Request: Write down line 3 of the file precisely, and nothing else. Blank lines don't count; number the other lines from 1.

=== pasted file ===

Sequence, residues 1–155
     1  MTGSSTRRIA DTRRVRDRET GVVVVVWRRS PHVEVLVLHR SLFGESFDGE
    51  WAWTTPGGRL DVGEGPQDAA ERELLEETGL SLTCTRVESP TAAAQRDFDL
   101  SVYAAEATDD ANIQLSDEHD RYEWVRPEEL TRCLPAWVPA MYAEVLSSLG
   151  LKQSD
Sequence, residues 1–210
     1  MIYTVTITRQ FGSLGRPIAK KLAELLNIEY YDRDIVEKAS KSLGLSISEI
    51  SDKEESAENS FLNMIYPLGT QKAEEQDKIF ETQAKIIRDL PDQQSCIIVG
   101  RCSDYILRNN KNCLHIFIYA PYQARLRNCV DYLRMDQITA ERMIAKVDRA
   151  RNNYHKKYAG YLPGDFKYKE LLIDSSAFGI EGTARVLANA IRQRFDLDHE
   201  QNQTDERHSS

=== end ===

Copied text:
    51  WAWTTPGGRL DVGEGPQDAA ERELLEETGL SLTCTRVESP TAAAQRDFDL